Alex Walsh, 16, appeared on TVNZ’s Attitude Live – hoping to inspire other young people with Down Syndrome. PHOTOS/SUPPLIED

Disability no barrier for Alex

Erin Kavanagh-Hall

Alex Walsh is a fairly typical teenager: obsessed with Shortland Street, spending hours surfing his favourite YouTube channels, and cheekily calling his father as “an old unit”.

The Wairarapa College student has also danced in nationwide competitions, acted in community theatre productions, can pick up classic rock and bluegrass tunes on the guitar by ear, and has received a regional youth achievement award for his commitment to the arts.

A gifted but otherwise regular kid, who leads an action-packed life – and who happens to have an extra chromosome.

After birth, Greytown local Alex, now 16, was diagnosed with Down Syndrome (DS), a genetic condition caused by an extra copy of chromosome 21.

Alex Walsh and friend Ava Saba, about to go on stage for a production at Solway Dance.

Children with DS tend to have learning disability, low muscle tone, and difficulty with auditory processing and developing language – which, at first glance, could pose challenges for a young performer.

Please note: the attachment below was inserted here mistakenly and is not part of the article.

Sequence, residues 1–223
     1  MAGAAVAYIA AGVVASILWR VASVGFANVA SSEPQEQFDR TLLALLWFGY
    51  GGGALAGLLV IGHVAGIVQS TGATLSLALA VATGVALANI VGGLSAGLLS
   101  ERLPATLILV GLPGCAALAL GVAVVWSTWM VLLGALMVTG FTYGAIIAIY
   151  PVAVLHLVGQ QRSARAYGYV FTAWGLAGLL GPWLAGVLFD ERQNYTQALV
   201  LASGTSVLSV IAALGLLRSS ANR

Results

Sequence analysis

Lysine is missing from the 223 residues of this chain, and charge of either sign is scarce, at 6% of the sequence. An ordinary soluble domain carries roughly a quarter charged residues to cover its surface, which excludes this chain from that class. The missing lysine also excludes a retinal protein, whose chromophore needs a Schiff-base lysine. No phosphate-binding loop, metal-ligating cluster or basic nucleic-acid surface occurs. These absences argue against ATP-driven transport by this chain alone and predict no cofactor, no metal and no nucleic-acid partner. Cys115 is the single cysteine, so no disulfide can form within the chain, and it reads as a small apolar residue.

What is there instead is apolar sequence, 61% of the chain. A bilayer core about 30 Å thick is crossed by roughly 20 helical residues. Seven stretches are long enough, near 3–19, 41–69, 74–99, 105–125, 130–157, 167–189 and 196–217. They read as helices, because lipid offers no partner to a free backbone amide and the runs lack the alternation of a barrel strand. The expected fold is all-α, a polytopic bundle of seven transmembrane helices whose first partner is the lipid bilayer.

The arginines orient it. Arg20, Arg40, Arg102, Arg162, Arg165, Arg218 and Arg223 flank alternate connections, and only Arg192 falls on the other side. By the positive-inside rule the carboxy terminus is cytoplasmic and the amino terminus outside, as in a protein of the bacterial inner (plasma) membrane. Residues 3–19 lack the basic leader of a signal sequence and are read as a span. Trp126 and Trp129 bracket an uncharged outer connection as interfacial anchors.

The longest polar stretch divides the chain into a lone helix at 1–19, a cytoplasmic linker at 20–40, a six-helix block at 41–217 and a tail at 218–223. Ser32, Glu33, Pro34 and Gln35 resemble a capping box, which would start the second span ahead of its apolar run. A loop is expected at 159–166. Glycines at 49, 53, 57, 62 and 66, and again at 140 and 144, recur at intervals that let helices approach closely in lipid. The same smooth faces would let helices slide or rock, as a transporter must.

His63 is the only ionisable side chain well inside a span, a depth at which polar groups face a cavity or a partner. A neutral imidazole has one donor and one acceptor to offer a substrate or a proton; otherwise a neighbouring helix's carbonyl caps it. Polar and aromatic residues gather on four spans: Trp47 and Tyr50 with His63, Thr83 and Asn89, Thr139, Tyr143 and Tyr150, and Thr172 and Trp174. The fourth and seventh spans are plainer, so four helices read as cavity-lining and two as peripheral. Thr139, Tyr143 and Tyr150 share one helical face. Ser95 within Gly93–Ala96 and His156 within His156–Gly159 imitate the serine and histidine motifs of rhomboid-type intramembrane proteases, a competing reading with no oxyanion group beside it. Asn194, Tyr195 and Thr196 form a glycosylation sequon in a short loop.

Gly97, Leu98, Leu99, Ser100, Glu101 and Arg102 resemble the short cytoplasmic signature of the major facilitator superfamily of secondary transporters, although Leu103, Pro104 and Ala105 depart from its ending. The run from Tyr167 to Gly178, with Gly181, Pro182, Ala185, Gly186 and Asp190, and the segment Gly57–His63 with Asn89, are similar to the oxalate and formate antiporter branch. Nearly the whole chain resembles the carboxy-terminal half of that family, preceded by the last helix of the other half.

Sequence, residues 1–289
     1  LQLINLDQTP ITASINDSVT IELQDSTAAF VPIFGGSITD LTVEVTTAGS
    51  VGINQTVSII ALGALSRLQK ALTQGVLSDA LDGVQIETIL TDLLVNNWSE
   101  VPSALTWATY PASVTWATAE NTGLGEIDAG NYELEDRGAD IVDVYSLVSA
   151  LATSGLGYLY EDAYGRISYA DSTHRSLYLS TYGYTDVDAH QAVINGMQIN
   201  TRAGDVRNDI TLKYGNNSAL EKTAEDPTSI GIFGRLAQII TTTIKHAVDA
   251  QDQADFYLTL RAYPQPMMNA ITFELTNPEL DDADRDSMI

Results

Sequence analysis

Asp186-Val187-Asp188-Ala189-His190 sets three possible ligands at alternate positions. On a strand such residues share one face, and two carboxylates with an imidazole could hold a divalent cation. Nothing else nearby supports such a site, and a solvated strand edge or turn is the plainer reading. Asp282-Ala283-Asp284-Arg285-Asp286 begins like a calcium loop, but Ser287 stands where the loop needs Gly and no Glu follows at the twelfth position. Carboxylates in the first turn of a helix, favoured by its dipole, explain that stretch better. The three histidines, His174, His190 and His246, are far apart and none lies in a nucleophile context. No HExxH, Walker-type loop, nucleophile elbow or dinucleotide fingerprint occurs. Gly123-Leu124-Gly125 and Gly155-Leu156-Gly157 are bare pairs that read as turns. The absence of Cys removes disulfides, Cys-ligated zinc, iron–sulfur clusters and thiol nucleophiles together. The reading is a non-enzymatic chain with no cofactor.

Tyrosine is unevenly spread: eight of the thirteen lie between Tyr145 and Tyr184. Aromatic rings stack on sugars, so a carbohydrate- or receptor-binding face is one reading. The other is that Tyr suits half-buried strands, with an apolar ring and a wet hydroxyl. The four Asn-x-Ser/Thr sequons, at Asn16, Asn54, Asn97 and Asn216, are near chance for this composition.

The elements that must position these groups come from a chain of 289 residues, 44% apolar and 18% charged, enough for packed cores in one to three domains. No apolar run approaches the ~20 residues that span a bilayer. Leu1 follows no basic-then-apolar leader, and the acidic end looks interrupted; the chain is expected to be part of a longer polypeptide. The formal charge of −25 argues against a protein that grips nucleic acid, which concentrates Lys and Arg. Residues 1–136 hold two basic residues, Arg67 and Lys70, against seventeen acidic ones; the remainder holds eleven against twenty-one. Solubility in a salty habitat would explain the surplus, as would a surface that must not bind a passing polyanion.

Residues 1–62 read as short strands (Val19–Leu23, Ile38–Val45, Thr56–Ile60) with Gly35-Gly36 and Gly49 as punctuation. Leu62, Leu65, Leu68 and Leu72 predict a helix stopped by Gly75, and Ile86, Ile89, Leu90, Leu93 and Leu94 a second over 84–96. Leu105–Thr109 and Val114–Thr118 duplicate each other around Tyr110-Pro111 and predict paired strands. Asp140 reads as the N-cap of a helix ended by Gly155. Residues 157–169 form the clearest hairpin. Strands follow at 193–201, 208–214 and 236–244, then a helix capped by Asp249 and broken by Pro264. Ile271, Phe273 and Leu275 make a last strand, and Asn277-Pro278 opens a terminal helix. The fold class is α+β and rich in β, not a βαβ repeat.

But Alex’s parents, Heather and Jim, weren’t prepared for their youngest son to take no for an answer – so they signed him up for the same activities as his brothers “to see what would stick for him”, starting with dance lessons at age 4.

Alex has not only stuck with dance, but has mastered ballet, jazz, contemporary dance and hip hop, and has studied jazz to Grade 9 and contemporary to Grade 7 under the DanceNZmade syllabus.

Alex relishes any opportunity to get in front of an audience: and, late last year, found himself in the national spotlight, with an appearance on AttitudeLive’s My Perfect Family, screened via TVNZ.

AttitudeLive, developed by Auckland-based production company Attitude Pictures, is dedicated to showcasing and celebrating New Zealand’s diverse disabled community.

The programme followed Alex as he rehearsed for last year’s ShowQuest competition, learned new contemporary routines at Solway Dance, practiced guitar, and spent time with mates at WaiCol’s Supported Learning Centre (SLC).

Now he has had a taste of the TV cameras, Alex has his sights set on an acting career – hoping to follow in the footsteps of other actors with DS, such as Shortland Street’s Jacob Dombroski and Libby Hunsdale, star of the New Zealand film Poppy.

Mum Heather says appearing on AttitudeLive was an opportunity for Alex to show other young people in the disability community, and their whanau, what they can achieve with encouragement and support.

“We didn’t see anyone like Alex on the TV when he was growing up. It is so important for people with DS to see themselves represented in the media so they can see what it possible,” Heather said.

“We hope that young people like Alex can see him dancing and think ‘I can do that, too.’

“Kids with DS are often told what they can’t do. But they just need to be given the opportunity.”

When Alex was born, Heather, a registered nurse, noticed something different about her third child – but doctors, she said, dismissed her concerns.

In his first few days of life, Alex was lethargic, struggled to feed, and his temperature dropped to dangerous levels.